Monday, 1 October 2018

Operation Nostalgia: Axis Air Raid on Main Allied Fleet.

Scale = 1/600 Aircraft; 1/3000 ships
Manufacturers = A/c Tumbling Dice; Ships Navwar & Davco
Rules = Bag The Hun 2 for Air to Air; General Quarters 3 for Air to Ship
Table Size = 6' x 3'9"
Terrain = Sea boards by Purbeck Terrain (no longer trading)

Having been spotted by an Arado Floatplane, the main allied invasion fleet is the target for an Axis air attack.

Axis air units were scrambled with 8 x ME110 fighters and 9 x HE111 torpedo bombers out of Samos rendezvousing with 8 x Italian Folgore fighters and 6 x SM79 torpedo bombers out of Kos before heading out in the direction of the allied ships.

The Axis air formations were picked up on ship's radars at 15,000 yards (150cm) leaving little time to get aircraft airborne from the carrier HMS Avenger. 4 Seafires from blue section were already in the air forming a CAP. 8 Seafires on the deck of the Avenger scrambled to get airborne.

Before I detail the AAR a few words about the rules. Bag the Hun is used for purely the air to air phase with GQ3 for the air to ship. You will have seen from the previous action involving the Cyprus fleet that this neatly split into two different parts with the air to air phase concluded before the bombing attack. This action will not be so convenient due to the close proximity of the fleet.

I had considered just using BTH as it caters for ship action. However, I felt it was all a little too generic for the purposes of my campaign. The ship's AA capability is based on the type of ship rather than what it was actually equipped with historically.

I have therefore created a basic hybrid of the two to allow the ships to respond as per GQ3 but BTH continues with the air to air section. A very brief overview:

2 x BTH moves = 1 x GQ3 air phase (3 air phases = 1 GQ3 move)
A chart was created showing the GQ3 altitude levels in comparison with those of BTH (14 levels in GQ3 v 6 in BTH). Fortunately level 3 in GQ3 is the same as level 3 in BTH which happens to be the maximum height for close range AA fire. Long range being level 4+.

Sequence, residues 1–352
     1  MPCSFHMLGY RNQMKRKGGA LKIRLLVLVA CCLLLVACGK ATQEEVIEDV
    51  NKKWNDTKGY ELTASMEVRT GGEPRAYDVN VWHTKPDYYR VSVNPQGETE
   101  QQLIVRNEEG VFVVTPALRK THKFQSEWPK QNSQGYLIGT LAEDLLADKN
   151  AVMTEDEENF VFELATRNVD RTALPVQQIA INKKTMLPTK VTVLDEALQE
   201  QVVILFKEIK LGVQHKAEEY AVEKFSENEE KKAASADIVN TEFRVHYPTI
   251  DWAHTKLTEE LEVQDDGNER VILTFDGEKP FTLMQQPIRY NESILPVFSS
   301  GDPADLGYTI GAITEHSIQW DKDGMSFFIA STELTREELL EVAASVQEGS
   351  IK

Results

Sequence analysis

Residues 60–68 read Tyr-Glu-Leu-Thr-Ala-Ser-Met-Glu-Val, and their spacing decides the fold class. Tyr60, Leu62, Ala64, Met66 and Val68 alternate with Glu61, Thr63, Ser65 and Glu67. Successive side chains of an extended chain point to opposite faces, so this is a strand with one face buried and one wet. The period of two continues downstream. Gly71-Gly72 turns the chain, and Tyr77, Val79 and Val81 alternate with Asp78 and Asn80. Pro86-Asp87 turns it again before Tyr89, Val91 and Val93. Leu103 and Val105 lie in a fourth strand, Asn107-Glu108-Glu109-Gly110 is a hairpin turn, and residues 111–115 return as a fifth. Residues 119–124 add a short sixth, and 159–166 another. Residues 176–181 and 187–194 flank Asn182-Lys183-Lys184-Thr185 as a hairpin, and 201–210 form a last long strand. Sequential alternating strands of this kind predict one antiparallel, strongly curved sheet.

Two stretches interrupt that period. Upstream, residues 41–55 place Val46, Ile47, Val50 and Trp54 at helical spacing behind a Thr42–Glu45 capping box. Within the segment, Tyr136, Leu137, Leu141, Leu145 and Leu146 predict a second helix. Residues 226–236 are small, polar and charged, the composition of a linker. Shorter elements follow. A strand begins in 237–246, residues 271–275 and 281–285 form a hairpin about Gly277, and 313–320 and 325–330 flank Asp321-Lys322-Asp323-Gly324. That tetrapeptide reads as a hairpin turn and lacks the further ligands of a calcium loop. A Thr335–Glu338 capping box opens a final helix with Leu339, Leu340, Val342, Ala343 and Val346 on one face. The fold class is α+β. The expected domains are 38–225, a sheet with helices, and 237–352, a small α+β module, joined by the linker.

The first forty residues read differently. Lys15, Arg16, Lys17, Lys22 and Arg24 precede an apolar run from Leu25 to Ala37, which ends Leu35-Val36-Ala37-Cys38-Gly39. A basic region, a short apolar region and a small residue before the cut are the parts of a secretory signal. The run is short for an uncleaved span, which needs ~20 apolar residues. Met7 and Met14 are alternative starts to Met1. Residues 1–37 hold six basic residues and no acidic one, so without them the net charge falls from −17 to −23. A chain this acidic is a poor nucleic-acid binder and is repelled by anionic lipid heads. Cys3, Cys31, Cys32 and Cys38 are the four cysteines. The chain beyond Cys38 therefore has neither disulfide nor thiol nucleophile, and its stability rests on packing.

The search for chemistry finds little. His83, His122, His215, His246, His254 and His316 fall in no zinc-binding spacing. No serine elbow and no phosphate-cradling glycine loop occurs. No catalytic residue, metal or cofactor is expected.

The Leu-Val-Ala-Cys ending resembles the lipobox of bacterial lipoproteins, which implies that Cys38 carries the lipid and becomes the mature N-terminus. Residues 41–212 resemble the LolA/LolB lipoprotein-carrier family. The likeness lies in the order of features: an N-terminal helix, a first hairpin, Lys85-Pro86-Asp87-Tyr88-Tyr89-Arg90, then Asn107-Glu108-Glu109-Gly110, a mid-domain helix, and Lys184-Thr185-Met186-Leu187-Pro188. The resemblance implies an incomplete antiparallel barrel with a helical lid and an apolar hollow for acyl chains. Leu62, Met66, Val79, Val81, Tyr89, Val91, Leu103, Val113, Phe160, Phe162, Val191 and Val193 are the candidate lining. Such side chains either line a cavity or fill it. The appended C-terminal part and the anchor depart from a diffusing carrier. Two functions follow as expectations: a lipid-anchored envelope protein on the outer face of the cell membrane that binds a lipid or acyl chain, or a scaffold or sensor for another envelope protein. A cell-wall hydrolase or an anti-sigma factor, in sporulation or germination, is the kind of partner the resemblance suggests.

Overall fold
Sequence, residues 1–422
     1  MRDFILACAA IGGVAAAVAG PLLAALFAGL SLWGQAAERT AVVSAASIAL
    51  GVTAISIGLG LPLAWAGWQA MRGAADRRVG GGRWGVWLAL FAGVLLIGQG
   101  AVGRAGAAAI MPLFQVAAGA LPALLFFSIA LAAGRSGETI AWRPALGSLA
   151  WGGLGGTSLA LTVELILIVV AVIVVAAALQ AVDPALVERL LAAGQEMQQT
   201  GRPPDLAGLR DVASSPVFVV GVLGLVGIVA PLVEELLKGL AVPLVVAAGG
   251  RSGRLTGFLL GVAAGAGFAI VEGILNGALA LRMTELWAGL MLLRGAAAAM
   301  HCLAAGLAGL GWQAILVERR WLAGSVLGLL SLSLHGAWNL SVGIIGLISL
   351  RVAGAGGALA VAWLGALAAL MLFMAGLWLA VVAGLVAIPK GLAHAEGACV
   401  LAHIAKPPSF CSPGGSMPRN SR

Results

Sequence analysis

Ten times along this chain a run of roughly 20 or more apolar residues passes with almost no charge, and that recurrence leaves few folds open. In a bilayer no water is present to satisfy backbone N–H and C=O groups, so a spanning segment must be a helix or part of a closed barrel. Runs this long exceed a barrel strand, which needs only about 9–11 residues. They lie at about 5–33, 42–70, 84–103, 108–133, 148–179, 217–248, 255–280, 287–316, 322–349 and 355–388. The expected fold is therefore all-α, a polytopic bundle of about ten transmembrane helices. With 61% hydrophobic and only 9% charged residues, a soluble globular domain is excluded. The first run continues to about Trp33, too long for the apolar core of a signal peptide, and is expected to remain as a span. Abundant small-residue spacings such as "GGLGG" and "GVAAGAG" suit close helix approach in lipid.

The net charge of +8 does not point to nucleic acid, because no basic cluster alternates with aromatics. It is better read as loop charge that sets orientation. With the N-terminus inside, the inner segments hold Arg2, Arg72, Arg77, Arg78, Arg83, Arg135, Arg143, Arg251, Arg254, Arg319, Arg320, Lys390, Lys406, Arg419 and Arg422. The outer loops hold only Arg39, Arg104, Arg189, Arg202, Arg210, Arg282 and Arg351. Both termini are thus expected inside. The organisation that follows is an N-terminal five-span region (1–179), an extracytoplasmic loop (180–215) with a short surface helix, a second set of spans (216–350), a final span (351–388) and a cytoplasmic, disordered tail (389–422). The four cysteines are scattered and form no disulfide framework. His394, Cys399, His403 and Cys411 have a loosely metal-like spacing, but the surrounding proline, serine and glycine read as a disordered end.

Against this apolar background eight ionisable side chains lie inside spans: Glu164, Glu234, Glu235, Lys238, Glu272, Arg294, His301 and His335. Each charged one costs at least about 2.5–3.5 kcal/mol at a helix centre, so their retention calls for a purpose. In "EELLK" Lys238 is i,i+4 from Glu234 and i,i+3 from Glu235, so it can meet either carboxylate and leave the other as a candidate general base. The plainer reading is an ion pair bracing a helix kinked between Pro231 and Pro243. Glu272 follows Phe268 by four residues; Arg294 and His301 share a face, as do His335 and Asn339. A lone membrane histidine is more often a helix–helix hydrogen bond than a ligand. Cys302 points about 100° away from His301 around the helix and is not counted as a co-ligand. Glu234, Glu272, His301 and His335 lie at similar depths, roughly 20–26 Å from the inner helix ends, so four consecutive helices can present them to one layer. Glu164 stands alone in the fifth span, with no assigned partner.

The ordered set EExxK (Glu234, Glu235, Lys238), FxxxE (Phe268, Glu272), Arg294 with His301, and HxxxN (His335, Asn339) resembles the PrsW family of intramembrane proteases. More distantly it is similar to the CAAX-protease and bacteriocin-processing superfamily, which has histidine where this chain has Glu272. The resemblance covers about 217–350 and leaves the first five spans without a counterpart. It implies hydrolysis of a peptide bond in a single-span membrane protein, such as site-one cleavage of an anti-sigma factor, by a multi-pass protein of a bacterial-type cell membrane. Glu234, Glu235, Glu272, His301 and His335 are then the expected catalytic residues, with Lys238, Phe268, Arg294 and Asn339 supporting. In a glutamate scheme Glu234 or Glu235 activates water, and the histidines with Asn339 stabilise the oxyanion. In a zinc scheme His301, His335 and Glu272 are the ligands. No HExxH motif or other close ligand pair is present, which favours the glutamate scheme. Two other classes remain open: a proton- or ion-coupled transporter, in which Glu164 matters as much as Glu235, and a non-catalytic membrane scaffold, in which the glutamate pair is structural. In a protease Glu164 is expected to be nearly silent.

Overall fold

The tricky part commences when the bombers begin their torpedo attack runs. Any Seafires attempting to shoot them down would have broken off by now to prevent them from flying into the barrage of AA fire. So GQ3 now kicks in for the bombers covering the torpedo attack.

Continued -

Blue Section of Seafires, who had been performing the CAP, are vectored towards the radar detection.

The Axis air formations approach the allied fleet. HE111 and SM79 torpedo bombers are escorted by ME110's and Folgores at a higher altitude.

There is not enough time to form up flights of Seafires departing Avenger's flight deck. The best they can do is form up into pairs and gain altitude as quickly as possible. Here red and green sections rapidly climb through the altitude levels.

Blue Section moves out to the east seeking to gain advantage by having the sun behind them. They are unable to reach the high altitude level of the ME110's who circle ready to intercept them.

To the east, the Italians make good progress relatively clear of interference. 

By maintaining a large bomber formation they can act as one until fire upon or are split for any other reason.

The 1st Schwarm of ME110's descends to fire head on into Blue Section of Seafires. It is a poor start for the Germans with 2 aircraft with Sprog pilots managed to jam their guns and no damage is inflicted on the British!

An overview of the scene of the action at this point. Top right is the action between Blue Section and ME110's. Red Section with one pair as yet unspotted, move out to the right to support Blue Section. With the Axis forces now all spotted it is clear to the British that they must concentrate on the torpedo bombers even if it places them at risk of being picked off by the escorting fighters.

With that in mind, Blue Section fly past the 1st Schwarm aiming to have a clear run at the HE111's. The 2nd Schwarm is at a higher altitude and therefore cannot fire on them as yet.

The Allied fleet hoves into view.

The flagship HMS Norfolk, and 8" cruiser, forms the centre of the fleet behind the cruiser Dido and ahead of the carrier Avenger